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Chester E. Davis

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Chester Davis

Chester Davis

Chester E. Davis died Friday, Feb. 8, in Virginia Beach, Va. He was 92.

Born on Dec. 5, 1920, in Fairfield-Osborne (now Fairborn), Chester was the son of the late Myles A. and Cora Young Davis Hull.

As a teenager, Chester loved to run track, but had to quit school when he contracted tuberculosis and was placed in a sanitarium. When he returned to John Bryan High School, he became class president — twice. During World War II, Chester was employed by the Frigidaire plant in Dayton, which had begun to make machine guns. Chester’s job was to take these guns apart and put them together to make sure that they were.

Chester was founder and first owner of the Yellow Springs Safety Cab Co. He delivered groceries to homes from Lutrell’s grocery store, delivered parts to the airport from Morris Bean and even served as an ambulance taxi once, transporting an injured community member from a car accident in the village to the hospital.

Chester retired from Yellow Springs Instruments, where he worked as a purchasing agent, 20 years ago. He loved motion photography and climbed many tall, unsteady towers to film YSHS football games. He enjoyed woodworking and built his first home on 155 Brookside Drive 50 years ago, and it still stands there today. Chester built a large barn, by himself, at his last village home, off Yellow Springs-Fairfield Road.

Chester loved people, and in his later years, sat on his porch in Virginia Beach to smile and wave at neighbors who passed by. These neighbors often said that this gesture from a 92-year-old man made their day.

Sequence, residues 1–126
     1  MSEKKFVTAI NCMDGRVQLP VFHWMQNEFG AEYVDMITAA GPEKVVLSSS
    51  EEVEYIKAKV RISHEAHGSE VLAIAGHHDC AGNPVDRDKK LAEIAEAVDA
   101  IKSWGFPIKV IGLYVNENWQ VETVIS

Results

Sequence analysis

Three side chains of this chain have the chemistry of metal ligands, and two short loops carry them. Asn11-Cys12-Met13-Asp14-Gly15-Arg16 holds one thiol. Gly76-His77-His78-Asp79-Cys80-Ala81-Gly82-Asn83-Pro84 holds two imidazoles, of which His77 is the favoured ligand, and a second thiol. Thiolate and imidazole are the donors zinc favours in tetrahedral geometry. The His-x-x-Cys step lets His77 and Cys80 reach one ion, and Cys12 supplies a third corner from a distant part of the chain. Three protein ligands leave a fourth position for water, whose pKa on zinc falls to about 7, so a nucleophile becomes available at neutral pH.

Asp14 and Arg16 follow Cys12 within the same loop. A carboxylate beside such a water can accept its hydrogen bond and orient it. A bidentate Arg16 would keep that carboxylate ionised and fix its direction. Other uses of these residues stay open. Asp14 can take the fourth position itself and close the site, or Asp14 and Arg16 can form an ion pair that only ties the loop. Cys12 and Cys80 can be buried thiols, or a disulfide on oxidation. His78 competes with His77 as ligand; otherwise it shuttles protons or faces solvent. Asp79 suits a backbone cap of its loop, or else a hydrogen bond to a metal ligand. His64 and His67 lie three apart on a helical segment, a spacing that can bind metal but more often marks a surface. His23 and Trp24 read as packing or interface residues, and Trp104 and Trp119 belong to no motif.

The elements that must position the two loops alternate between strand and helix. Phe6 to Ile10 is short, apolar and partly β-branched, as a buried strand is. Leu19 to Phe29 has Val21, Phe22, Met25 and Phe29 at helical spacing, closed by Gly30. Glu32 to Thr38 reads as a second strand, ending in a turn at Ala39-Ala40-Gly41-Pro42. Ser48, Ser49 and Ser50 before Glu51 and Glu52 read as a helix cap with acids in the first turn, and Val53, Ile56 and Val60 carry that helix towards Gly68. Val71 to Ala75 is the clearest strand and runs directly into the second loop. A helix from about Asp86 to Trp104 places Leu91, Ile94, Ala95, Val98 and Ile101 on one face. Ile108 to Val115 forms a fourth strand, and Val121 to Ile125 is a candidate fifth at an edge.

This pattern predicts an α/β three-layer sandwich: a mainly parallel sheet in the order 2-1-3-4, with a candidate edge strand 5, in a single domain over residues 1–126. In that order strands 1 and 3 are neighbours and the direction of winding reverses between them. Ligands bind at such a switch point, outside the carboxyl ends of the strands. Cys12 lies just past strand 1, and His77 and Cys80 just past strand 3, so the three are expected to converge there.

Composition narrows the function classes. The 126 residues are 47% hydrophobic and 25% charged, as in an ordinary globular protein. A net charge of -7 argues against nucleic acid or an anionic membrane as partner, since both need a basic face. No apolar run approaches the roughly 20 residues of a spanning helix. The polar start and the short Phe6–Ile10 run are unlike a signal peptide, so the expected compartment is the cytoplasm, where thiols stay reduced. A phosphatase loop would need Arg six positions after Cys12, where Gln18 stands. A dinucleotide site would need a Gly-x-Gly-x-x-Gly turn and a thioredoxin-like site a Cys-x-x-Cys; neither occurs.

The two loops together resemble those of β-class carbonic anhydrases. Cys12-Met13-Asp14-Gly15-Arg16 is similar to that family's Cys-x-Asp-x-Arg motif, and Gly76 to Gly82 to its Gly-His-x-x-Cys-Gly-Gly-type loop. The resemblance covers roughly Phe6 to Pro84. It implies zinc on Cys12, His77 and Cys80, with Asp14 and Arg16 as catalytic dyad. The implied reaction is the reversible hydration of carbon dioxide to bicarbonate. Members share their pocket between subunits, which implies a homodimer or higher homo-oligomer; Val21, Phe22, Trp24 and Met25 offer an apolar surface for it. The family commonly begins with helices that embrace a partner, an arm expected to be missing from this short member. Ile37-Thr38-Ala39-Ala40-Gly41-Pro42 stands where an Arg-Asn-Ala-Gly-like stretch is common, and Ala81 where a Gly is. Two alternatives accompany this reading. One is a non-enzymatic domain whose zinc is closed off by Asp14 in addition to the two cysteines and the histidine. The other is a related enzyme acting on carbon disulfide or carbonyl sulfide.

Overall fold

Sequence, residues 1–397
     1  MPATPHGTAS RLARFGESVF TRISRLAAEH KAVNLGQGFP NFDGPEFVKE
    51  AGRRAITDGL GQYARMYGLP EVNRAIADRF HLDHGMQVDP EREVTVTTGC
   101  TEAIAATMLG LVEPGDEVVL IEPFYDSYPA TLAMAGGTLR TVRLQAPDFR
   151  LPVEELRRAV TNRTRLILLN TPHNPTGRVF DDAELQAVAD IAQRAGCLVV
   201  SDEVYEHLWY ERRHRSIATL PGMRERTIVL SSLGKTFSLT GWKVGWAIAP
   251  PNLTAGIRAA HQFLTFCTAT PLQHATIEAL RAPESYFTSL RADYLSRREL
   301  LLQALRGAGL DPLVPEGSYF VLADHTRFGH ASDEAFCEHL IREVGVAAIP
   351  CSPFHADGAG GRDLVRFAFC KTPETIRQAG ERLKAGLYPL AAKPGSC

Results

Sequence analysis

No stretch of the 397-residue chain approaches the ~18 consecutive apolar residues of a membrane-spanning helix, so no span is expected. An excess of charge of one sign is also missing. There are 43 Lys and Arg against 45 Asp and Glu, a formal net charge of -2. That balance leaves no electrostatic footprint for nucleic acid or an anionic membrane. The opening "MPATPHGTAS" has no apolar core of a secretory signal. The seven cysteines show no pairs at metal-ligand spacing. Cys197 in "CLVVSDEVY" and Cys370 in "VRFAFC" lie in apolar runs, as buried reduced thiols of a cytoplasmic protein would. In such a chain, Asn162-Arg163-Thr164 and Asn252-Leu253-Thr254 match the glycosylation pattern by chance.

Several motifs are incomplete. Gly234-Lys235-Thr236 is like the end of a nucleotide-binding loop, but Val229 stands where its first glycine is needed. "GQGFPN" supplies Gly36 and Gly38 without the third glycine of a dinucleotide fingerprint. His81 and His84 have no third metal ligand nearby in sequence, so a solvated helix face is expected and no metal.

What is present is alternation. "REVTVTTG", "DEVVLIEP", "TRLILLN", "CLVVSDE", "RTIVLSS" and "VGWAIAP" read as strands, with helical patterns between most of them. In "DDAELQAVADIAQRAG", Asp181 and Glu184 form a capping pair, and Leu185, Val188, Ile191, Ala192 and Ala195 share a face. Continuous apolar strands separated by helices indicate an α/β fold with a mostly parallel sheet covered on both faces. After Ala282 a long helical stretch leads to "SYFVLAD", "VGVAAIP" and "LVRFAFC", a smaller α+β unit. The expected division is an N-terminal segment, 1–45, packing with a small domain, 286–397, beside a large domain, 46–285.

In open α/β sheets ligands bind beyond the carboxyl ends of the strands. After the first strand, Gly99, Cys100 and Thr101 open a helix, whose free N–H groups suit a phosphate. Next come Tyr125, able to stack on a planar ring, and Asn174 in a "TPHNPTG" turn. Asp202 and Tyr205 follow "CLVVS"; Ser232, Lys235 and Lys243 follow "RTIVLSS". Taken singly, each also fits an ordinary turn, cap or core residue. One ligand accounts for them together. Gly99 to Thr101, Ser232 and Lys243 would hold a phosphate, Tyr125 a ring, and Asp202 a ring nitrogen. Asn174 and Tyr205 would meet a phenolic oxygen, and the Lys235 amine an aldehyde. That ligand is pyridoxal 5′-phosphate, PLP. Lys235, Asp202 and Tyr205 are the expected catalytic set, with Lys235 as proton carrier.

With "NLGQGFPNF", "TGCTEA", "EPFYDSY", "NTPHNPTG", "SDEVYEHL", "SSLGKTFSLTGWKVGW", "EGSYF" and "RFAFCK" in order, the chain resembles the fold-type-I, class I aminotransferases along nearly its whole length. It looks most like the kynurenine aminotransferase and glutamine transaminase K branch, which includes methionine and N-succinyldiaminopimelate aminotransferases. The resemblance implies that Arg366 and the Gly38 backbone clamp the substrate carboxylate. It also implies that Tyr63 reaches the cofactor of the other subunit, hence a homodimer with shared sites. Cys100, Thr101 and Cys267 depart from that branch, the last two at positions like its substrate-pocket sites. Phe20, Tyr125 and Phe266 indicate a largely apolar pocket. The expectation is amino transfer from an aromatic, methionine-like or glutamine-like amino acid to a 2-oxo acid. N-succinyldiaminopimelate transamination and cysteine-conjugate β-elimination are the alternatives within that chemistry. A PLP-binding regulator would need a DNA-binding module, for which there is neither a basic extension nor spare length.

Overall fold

In his high school yearbook, Chester was given a nickname that family have never quite understood: “Killer.” Knowing him to be a very gentle man, family members previously assumed that this nickname was a sarcastic commentary on his friendly character. Recently, however, former classmates have informed Chester’s family that he liked to get cleaned up and dress nicely for dates with Susie, the future mother of his children. He was, in fact, a “lady killer.”

Chester is survived by two sons, Richard E. Davis of Oklahoma City, Okla., and David M. Davis, M.D. and his wife, Debbie, of Virginia Beach, Va. He is also survived by five grandchildren, Sylvia, Gabrielle, Marc, Stephen and Katrina.

Private graveside services were held in Yellow Springs on Thursday, Feb. 14. Condolences may be shared with the family via the online guestbook, which may be found by visiting and searching “Chester Davis.”


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